Prioritize. When you begin work, gather and go through all the paperwork and prioritize. If you run out of time to complete everything, the least important items can wait.
Be respectful. Regardless of the senior person’s level of competence, speak to her as you would like to be spoken to yourself.
Ask before doing. This lets the senior determine how involved you are. I often ask, “How can I best help you?” If the person can’t tell me or there are things that need to be done that he did not mention, I try, “I see that there are bills here that are due. How can I help you pay them?”
Give choices. If given a choice, people will often let their helpers do more. You could say, “Would you like to write the checks, or would it be helpful if I wrote the checks for you to sign?”
Use visual aids. If the person has poor eyesight, it helps to trace the lines on the check for the date, payee, dollar amount and signature in thick black ink. Large print checks can be purchased from banks and other check vendors. Large print check registers and check writing guides are also available.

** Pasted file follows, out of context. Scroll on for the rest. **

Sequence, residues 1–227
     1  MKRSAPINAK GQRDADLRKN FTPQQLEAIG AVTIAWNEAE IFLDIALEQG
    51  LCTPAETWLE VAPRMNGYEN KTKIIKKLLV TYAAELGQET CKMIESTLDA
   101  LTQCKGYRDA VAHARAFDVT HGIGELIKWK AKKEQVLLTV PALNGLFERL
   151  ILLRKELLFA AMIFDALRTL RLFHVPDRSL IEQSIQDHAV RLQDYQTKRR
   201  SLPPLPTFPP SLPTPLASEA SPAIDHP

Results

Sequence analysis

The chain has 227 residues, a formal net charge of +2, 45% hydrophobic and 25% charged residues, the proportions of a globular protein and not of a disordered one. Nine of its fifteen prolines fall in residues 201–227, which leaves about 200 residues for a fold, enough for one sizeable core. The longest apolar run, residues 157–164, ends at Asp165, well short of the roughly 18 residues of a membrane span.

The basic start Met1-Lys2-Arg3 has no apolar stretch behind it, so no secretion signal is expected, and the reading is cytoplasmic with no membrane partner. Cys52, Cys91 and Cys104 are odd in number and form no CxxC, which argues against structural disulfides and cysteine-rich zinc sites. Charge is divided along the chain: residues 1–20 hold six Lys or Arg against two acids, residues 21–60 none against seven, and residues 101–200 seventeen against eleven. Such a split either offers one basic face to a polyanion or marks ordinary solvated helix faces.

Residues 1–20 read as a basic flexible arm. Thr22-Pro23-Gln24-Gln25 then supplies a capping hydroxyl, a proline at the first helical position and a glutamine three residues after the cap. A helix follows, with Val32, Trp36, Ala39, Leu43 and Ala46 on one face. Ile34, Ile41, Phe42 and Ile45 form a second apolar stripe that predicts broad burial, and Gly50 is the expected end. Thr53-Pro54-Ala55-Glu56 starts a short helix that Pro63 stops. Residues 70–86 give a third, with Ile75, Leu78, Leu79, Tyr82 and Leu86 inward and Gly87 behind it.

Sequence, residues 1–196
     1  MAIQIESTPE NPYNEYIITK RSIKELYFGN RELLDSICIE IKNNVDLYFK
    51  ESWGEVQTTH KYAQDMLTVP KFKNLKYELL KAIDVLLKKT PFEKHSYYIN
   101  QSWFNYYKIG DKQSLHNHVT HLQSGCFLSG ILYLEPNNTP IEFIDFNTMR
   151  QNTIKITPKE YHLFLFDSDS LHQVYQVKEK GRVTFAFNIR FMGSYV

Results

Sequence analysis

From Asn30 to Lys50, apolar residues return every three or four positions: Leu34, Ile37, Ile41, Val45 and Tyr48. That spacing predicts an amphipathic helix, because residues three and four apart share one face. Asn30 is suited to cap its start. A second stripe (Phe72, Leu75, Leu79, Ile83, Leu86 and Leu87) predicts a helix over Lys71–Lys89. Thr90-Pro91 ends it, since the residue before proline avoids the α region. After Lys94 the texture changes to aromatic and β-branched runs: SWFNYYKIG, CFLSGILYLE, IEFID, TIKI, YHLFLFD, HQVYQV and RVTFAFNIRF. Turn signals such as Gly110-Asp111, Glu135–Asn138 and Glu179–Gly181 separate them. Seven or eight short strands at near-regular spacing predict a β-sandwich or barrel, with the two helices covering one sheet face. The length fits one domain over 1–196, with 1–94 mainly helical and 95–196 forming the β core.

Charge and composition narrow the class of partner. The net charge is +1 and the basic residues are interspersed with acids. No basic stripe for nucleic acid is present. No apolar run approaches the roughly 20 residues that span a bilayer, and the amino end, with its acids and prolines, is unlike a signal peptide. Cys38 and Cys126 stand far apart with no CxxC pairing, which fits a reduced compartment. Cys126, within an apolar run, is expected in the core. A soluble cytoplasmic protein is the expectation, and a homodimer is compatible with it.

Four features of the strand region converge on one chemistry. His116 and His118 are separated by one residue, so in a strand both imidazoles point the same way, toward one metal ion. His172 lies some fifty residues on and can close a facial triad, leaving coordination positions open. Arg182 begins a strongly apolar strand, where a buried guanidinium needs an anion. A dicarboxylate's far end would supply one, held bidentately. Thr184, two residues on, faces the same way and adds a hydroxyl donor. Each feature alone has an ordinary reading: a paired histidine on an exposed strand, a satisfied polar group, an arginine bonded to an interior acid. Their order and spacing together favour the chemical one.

Help the senior to focus. Many seniors like to tell stories. It can be frustrating to be reviewing a stack of mail and end up listening to the same story for the seventh time. Gently acknowledge and redirect the senior’s attention. I find it helpful to say, “Larry, that is an interesting story and I’d love to hear it another time. Right now let’s review this letter.”
Use the speaker phone. When making telephone calls, turn on the speaker so the senior can hear and participate in the conversation. Find ways for the senior to participate. Even simple tasks, such as putting stamps on envelopes, can help him stay involved.
Find ways for the senior to participate. Even simple tasks, such as putting stamps on envelopes, can help him stay involved.
Explain as you go. Tell the senior what you are doing as you work and what the mail says. Read letters out loud. Review the bills and how much is owed. When writing checks for the elder’s signature, tell her the name of the payee and the amount of the check. Sometimes, and especially if the senior has dementia, it helps to write the date, payee name and amount on a fresh index card for each bill. Keep the card on the table where they can see it save them the embarrassment of having to ask repeatedly for the information.